I always pay attention to how food affects my mood and body. As a part of my nutritional awareness, I focus on how I feel after eating certain foods. I learned a long time ago that food is not just about nutrition. It is also about emotions.
We all need to indulge occasionally; that is precisely what I did last Saturday.
On this particular Saturday, I planned a trip to Ikea. There are three things I like about Ikea: couple watching, Swedish meatballs and the fact they have liquorice, including my favourites: Schoolkrijt (Crayons) – it’s a Dutch thing.
The story behind the food.
There is a story behind Ikea. I lived in the UK for ten years, many of those with my partner then. And I remember many, many happy trips to Ikea, where every trip would end with a visit to the Ikea restaurant for Swedish meatballs. In other words, I associate Swedish meatballs with good memories; It makes me feel good. It is also a habit to have meatballs at Ikea. An association that has become ingrained in my brain: Ikea = meatballs.
I had made my plan: Arrive at Ikea, get some “Crayons”, eat them all while I shop, and finish off with Swedish Meatballs and chips. When I arrived at Ikea, I was very disappointed that they didn’t have “Crayons.” However, they did have my other favourite: Bassett’s wine gums. I decided to indulge, and “since I was picking up one bad thing, I might as well have more”,….and I did. –“But only for the taste”, even though I knew very well what they would taste like and that I probably wasn’t going to enjoy them.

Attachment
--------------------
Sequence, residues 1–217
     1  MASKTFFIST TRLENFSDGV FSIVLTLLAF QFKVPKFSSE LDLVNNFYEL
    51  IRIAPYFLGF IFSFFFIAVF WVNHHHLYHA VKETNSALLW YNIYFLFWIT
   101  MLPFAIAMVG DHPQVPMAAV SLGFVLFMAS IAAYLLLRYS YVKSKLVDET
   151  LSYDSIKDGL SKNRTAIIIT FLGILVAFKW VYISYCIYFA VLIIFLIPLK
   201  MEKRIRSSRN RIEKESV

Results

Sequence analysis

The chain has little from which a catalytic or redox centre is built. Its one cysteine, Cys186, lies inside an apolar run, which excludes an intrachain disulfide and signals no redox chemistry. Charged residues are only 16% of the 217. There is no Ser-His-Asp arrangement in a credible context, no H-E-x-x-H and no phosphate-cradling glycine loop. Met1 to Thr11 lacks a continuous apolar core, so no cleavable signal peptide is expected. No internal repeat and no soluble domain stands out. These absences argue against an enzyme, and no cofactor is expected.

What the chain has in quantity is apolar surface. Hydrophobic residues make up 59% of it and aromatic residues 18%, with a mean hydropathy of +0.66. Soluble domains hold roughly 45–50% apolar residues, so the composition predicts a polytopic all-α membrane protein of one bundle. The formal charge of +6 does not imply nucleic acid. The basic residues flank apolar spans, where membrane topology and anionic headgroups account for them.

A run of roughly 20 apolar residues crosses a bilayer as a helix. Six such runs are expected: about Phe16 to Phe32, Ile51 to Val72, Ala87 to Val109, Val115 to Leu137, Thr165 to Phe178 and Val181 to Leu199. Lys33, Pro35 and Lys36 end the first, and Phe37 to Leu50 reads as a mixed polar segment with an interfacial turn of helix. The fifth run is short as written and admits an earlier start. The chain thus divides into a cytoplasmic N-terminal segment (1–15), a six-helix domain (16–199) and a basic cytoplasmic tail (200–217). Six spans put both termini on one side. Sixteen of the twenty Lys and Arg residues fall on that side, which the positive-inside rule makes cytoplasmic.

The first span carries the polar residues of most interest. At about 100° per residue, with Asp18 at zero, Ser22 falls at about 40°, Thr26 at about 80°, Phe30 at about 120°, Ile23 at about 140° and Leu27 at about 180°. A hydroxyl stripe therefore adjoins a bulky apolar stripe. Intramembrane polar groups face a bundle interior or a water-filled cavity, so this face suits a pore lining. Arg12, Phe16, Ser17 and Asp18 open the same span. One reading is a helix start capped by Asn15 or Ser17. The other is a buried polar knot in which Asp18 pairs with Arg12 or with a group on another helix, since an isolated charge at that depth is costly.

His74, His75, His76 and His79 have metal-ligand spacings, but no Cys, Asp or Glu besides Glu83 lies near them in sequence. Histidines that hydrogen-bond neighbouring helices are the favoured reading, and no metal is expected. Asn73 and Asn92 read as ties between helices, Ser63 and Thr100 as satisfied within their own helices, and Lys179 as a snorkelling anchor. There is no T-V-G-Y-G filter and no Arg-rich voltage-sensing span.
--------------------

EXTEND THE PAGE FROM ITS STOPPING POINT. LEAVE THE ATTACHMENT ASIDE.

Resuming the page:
During my shopping trip, I was continuously stuffing myself and enjoying what I was eating while also in a hurry to finish my bag of candy. Not only do I lose all self-restraint when I eat licorice, but I eat fast. Once it’s gone, it’s gone; that is my attitude. As a child, licorice was my comfort food. I would buy licorice and smuggle it up to my room, where I was often studying/ hiding from stress and tension.
Back to Ikea….
I finished my shopping trip and my bag of candy. It would have been around 200 grams which is a lot of sugar. After my shopping trip, as promised, I went to the restaurant and stuffed my face with meatballs and chips. I was acutely aware that I wasn’t enjoying it. Who wants to sit in an Ikea restaurant, alone, surrounded by all these happy families and couples? I ate fast, and I went home. I felt bloated and sick.
The day went past. When my evening plans were cancelled, I decided to go and see a movie. On the way out of the cinema, I couldn’t resist getting a “tiny scoop” of buttons and chocolate-covered raisins at the local convenience store. They tasted disgusting. I was reminded of how far I had come with my food habits. I threw them out.
My body was loaded with sugar, and I started to feel down. It was sadness. A combination of letting myself down, feeling slightly sick from all the crap (sugar) I had eaten that day and a feeling of loneliness and isolation. And then it struck me: I know this feeling.
The power of Nutritional Awareness
Nevertheless, the sadness made me feel good. I understood this feeling; I was comfortable inside it. And at that moment, I realised that it was the food that brought me to that point. I thought, “Wow, this is nutritional awareness. This is what food can do to people”.
Now consider this for a moment: How is food causing you to feel in a certain way? Can you relate the food you crave to a specific “happy moment” in life that you are trying to hold on to? What foods do you use to numb the pain of past (or present) experiences? How do you feel after indulging in foods you know are not good for you?
There are no right or wrong, good or bad answers to the above questions. Enjoy good food. But you can use nutritional awareness to be a driving force for change allowing you to become the person you are meant to be. Denying yourself awareness is denying yourself nutrition for the soul.
Off course, if you have now gained the awareness that you are unaware, you have just treated your soul with some excellent healing nourishment.